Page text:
Trojan Piggybacks on Windows Updater

By Lisa Vaas  |  Posted 2007-05-11 Print this article Print

Researchers discover a Trojan that uses an integral part of Windows to download files onto infected systems.

At least one Trojan virus writer is now using an integral part of the Windows operating system—BITS (Background Intelligent Transfer Service)—to download files to already infected systems. Windows Update uses BITS as an asynchronous download service to fetch patches, updates and other files—and, in this instance, malware. Security researcher Frank Boldewin, along with Symantecs Elia Florio, discovered the technique the week of May 7 after analyzing a recent Trojan distributed via spam e-mail in Germany toward the end of March. According to Florios May 10 posting on Symantecs site, Boldewin determined that the Trojan—which he detected as "Downloader"—was using BITS to bypass the firewall and download files without firewall inspection. As part of the operating system, BITS is trusted and gets passed through without having to go through the firewall.
According to Florio, more common methods used by malware to bypass firewalls include running a continuous thread that sends "Yes, accept" messages to the firewall window, which warns users about strange network connections; shutting down the firewall or killing its processes; injecting malicious code into Internet Explorer or other processes in the firewalls trusted applications list; and patching network drivers to disable firewall filtering.
Click here to read about a service from RSA Security that plans to target Trojans. This new technique doesnt constitute a significant new threat, as the Trojan doesnt evade anti-virus products and is only using BITS as a means of connection. Still, its an interesting new development in that attackers are using a component of Windows itself, rather than having to write downloaders or updaters themselves, Oliver Friedrichs, director of Symantec Security Response, said in an interview. "The main impact of this particular threat is the ability to evade outbound firewall filtering," Friedrichs said. "Thats not a new concept, … [but] its another novel way malicious code can use outbound connections." Symantec, based in Cupertino, Calif., observed this technique being discussed as a means of downloading files on Russian hacker boards at the end of 2006. This is one of the first times its been seen in the wild, Friedrichs said, and its something the company expects to see more of in the future. A Microsoft spokesperson said the company is aware of public reports that BITS is being used by the Trojan, whose official name is TrojanDownloader:Win32/Jowspry, to bypass policy-based firewalls in order to install additional malware. For advice on how to secure your network and applications, as well as the latest security news, visit Ziff Davis Internets Security IT Hub. However, Microsoft, based in Redmond, Wash., says the bypass relies on TrojanDownloader:Win32/Jowspry already being present on the system—in other words, BITS isnt an attack vector for the initial infection. "The bypass most commonly occurs after a successful social engineering attempt lures the user into inadvertently running TrojanDownloader:Win32/Jowspry, which then utilizes BITS to download additional malware," the spokesperson said in an e-mail exchange. Microsoft recommends that any users who believe their systems have been affected by TrojanDownloader:Win32/Jowspry visit Windows Live OneCare to scan their systems, determine if they are infected and clean up all currently known variants of the Trojan. Check out eWEEK.coms Security Center for the latest security news, reviews and analysis. And for insights on security coverage around the Web, take a look at eWEEKs Security Watch blog.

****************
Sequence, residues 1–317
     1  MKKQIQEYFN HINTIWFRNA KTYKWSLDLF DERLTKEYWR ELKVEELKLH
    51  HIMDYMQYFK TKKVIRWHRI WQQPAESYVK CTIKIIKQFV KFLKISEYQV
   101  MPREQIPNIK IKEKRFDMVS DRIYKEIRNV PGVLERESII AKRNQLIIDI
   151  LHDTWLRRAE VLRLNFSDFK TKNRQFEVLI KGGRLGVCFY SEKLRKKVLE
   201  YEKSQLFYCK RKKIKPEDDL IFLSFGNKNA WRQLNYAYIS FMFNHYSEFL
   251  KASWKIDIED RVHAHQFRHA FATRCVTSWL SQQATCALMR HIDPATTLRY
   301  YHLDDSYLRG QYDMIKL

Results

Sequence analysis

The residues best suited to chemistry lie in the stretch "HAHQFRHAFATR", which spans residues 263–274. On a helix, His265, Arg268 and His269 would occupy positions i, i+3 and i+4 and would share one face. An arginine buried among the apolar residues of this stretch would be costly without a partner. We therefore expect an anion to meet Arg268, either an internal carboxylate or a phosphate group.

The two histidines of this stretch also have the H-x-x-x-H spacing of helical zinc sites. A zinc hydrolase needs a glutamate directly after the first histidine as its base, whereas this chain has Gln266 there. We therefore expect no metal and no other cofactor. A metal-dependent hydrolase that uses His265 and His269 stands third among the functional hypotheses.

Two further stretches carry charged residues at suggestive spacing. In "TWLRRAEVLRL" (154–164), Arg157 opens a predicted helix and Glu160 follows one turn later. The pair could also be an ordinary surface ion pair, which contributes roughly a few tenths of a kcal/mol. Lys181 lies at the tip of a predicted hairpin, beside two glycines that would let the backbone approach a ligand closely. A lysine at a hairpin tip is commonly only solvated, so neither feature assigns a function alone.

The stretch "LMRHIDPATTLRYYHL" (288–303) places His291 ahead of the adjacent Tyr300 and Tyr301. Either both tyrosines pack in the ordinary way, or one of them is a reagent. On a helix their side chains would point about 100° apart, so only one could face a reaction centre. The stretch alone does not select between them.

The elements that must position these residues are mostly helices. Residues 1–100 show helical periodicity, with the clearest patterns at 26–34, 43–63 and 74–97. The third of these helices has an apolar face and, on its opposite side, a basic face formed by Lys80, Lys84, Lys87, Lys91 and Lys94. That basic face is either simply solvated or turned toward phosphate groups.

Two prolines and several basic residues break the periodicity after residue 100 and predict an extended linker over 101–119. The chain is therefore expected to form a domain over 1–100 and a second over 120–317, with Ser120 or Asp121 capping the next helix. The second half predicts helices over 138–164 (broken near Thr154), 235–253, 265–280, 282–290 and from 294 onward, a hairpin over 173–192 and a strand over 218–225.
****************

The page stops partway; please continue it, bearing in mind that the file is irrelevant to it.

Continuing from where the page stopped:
Lisa Vaas is News Editor/Operations for and also serves as editor of the Database topic center. Since 1995, she has also been a Webcast news show anchorperson and a reporter covering the IT industry. She has focused on customer relationship management technology, IT salaries and careers, effects of the H1-B visa on the technology workforce, wireless technology, security, and, most recently, databases and the technologies that touch upon them. Her articles have appeared in eWEEK's print edition, on, and in the startup IT magazine PC Connection. Prior to becoming a journalist, Vaas experienced an array of eye-opening careers, including driving a cab in Boston, photographing cranky babies in shopping malls, selling cameras, typography and computer training. She stopped a hair short of finishing an M.A. in English at the University of Massachusetts in Boston. She earned a B.S. in Communications from Emerson College. She runs two open-mic reading series in Boston and currently keeps bees in her home in Mashpee, Mass.

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